How to cable manage in 8 easy steps

How to cable manage in 8 easy steps
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How to cable manage in 8 easy steps

Almost every building, new or old, contains cabling of some sort and in the computer age, this has only grown. And the growth in cabling, inevitably, leads to a bigger chance of mess and potential hazards and therefore the need to manage the chaos somehow.

Why is cable management important?

Cable management is essential for maintaining organisation, safety, and efficiency in the workplace, whether it's an office, data centre, or public area.

Not only can poor cable management lead to trips and falls, it can also affect the ability for a workspace to function properly and even effect a very real threat to an organisation’s long term survival.

How to have better cable management

Albert Einstein was quoted as saying "If a cluttered desk is a sign of a cluttered mind, of what, then, is an empty desk a sign?”. Well in the world of cable management it’s a sign of efficiency……… and a cracking cable management process!

Developing a cable management system is key to creating a safe, productive and future-proof workplace. It involves a step-by-step approach, bringing in the views of those who use the space and are most likely to be affected by it.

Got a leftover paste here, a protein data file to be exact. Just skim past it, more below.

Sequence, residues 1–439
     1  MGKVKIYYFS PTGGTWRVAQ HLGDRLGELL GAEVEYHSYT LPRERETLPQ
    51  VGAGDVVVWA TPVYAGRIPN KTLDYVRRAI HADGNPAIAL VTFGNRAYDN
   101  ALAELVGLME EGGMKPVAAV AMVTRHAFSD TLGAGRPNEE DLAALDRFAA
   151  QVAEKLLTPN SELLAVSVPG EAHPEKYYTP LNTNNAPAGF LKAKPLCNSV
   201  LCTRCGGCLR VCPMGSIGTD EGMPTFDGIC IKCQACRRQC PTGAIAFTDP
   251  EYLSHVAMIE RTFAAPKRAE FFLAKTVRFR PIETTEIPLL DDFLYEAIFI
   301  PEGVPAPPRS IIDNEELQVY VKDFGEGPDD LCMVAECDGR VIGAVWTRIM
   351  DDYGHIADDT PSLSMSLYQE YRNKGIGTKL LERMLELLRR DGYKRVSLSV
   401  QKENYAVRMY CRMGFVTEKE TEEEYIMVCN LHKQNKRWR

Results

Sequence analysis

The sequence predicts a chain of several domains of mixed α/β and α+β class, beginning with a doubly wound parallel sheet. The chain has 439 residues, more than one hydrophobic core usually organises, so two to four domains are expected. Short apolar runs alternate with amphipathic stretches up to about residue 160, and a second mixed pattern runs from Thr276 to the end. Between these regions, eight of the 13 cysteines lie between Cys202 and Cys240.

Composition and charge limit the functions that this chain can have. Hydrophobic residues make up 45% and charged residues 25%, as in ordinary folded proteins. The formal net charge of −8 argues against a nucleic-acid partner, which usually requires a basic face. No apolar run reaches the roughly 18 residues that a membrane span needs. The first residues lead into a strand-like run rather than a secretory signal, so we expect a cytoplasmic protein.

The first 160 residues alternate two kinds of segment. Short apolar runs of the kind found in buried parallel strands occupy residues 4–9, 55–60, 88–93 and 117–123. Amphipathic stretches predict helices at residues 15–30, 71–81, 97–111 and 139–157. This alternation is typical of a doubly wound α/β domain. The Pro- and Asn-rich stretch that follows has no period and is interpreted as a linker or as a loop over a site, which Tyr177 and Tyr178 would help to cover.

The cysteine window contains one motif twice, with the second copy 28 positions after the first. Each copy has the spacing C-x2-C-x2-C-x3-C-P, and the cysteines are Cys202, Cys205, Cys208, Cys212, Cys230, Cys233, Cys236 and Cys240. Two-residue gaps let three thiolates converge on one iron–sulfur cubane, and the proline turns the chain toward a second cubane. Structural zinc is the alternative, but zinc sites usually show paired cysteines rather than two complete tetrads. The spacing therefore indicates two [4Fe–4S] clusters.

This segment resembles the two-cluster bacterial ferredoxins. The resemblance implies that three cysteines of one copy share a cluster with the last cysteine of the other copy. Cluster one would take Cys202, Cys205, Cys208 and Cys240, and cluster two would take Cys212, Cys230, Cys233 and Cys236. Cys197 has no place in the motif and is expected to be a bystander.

Given the importance of a well-executed cable management project, it’s a great idea to plan it out in detail to minimise the chances of mistakes.

So, following on from our handy cable management advice guides, we’ve put together an 8 step plan to help you along.

1. Define your goals

  • Is it improved safety, aesthetics, scalability, or system performance? Chances are it’s all three.
  • Identify the current issues: tangled cables, tripping hazards, airflow restriction, etc.
  • Evaluate the growth potential of the setup to ensure future-proofing. What could your office look like in 5 year’s time with staff increases, changes in tech etc?

2. Equipment inventory

  • Put together a list of all the equipment and devices that will be part of the setup (handy downloadable template here).
  • Document the type and quantity of cables required for each device.
  • Don’t forget to note down the power and data connectivity requirements.

3. Survey the area

  • Check out the actual physical space, the location of plug sockets, network ports, and other connection points.
  • Measure the available space and any constraints there may be.